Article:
From the HoustonChronicle.com
April 23, 2005
Use of B.C. and A.D. faces changing times: Some teachers and historians are using alternatives to Christian-based designations
By MICHAEL GORMLEY
ALBANY, N.Y. - In a world encouraged to embrace differences, B.C. and A.D. are increasingly finding themselves on the wrong end of the religious sensitivity meter.
Educators and historians say schools from North America to Australia have been changing the terms Before Christ to Before Common Era and anno Domini (Latin for "year of the Lord") to Common Era. In short, they're referred to as B.C.E. and C.E.
The change has stoked the ire of Christian conservatives and some religious leaders who view it as an attack on a social and political order that has been in place for centuries. Ironically, for more than a century Hebrew lessons have used B.C.E. and C.E., with C.E. sometimes referring to Christian Era.
That begs the question: Can old and new coexist in harmony, or must one give way to the other to reflect changing times and attitudes?
The terms B.C. and A.D. have clear Catholic roots. Dionysius Exiguus, an abbot in Rome, devised them as a way to determine the date for Easter for Pope St. John I. The terms were continued under the Gregorian Calendar.
Although most calendars are based on an epoch or person, B.C. and A.D. have always presented a particular problem for historians: There is no year zero.
"When Jews or Muslims have to put Christ in the middle of our calendar ... that's difficult for us," said Steven Brown, dean of the William Davidson Graduate School of Jewish Education at The Jewish Theological Seminary in New York City. "They are hard for non-Jews, because they assume a centrality of Jesus ... it's not offensive, but it's not sensitive to my religious sensibilities."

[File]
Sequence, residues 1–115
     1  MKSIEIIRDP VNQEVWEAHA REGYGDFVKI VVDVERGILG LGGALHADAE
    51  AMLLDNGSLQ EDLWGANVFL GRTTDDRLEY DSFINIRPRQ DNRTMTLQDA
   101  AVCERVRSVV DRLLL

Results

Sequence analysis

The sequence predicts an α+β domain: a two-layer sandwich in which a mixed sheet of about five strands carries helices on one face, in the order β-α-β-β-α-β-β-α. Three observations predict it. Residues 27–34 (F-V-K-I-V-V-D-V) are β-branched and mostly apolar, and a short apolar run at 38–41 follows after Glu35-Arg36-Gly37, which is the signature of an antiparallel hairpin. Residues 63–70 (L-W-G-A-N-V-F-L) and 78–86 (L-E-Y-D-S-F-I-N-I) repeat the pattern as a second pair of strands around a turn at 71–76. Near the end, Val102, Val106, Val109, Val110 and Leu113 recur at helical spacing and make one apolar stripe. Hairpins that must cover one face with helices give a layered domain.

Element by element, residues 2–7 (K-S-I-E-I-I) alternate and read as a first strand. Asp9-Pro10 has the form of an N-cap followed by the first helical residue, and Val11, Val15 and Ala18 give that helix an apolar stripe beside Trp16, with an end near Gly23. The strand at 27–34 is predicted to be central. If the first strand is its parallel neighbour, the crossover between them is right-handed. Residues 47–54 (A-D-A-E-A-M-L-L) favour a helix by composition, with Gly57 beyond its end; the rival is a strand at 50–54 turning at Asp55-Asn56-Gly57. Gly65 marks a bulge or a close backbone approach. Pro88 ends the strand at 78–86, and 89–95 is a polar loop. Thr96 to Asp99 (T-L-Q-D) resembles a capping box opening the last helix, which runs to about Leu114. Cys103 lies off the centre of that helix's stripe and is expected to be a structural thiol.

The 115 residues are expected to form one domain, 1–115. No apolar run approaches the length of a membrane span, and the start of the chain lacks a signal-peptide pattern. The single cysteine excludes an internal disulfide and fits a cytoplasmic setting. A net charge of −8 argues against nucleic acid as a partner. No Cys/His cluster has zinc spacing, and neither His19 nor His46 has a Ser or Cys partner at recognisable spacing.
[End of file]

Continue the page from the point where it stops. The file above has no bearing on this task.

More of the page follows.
The new terms were introduced by academics in the 1990s in public elementary and high school classrooms.
"I started using B.C.E. when some of my students began asking more earnestly than before just what B.C. meant," said Bill Everdell, a history book editor, teaching instructor and Brooklyn history teacher in the private, formerly religious St. Ann's School. Everdell said most history teachers he knows use B.C.E. and C.E. "I realized the courtesy was mine to extend."
Seen as an attack
In New York, the terms are entering public classrooms through textbooks and worksheets, but B.C.E. and C.E. are not part of the state's official curriculum, and there is no plan to debate the issue, said state Education Department spokesman Jonathan Burman.
"The standard textbooks primarily used in New York use the terms A.D. and B.C.," Burman said. Schools, however, may choose to use the new terms.
Candace de Russy, a national writer on education and Catholic issues and a trustee for the State University of New York, said she doesn't accept the notion of fence-straddling.
"The use of B.C.E. and C.E. is not mere verbal tweaking; rather it is integral to the leftist language police — a concerted attack on the religious foundation of our social and political order," she said.
For centuries, B.C. and A.D. were used in public schools, universities and in historical and most theological research. Some historians and college instructors started using the new forms as a less Christ-centric alternative.
"I think it's pretty common now," said professor Gary Nash of the University of California at Los Angeles and director of the National Center for History in Schools. "Once you take a global approach, it makes sense not to make a dating system applicable only to a relative few."
But not everyone takes that pluralistic view.
"I find it distressing, I don't like it," said Gilbert Sewall, director of the American Textbook Council, which finds politics intruding on instruction. He said changing terms accepted for centuries because of a current social movement such as multiculturalism could threaten other long-held principles.
"That's the shame of it. Though I have only seen it in isolated cases so far, wait five years and A.D. may disappear."